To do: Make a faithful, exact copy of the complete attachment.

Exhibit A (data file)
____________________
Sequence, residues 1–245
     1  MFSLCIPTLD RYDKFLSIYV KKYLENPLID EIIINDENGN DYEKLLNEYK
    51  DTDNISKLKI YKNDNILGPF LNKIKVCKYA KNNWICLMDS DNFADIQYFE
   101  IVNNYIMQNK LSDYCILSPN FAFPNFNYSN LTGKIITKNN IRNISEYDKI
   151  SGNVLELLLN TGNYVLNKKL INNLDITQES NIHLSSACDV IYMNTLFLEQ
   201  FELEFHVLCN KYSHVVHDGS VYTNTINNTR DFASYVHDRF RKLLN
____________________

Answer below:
Sequence, residues 1–245
     1  MFSLCIPTLD RYDKFLSIYV KKYLENPLID EIIINDENGN DYEKLLNEYK
    51  DTDNISKLKI YKNDNILGPF LNKIKVCKYA KNNWICLMDS DNFADIQYFE
   101  IVNNYIMQNK LSDYCILSPN FAFPNFNYSN LTGKIITKNN IRNISEYDKI
   151  SGNVLELLLN TGNYVLNKKL INNLDITQES NIHLSSACDV IYMNTLFLEQ
   201  FELEFHVLCN KYSHVVHDGS VYTNTINNTR DFASYVHDRF RKLLN